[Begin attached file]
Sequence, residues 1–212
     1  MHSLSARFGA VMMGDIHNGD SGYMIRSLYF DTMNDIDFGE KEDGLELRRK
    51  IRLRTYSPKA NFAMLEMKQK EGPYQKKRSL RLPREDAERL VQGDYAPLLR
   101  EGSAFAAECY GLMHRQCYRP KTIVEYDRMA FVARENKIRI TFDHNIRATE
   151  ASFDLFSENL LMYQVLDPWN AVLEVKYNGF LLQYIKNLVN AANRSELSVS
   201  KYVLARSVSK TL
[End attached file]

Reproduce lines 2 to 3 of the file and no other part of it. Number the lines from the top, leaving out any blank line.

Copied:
     1  MHSLSARFGA VMMGDIHNGD SGYMIRSLYF DTMNDIDFGE KEDGLELRRK
    51  IRLRTYSPKA NFAMLEMKQK EGPYQKKRSL RLPREDAERL VQGDYAPLLR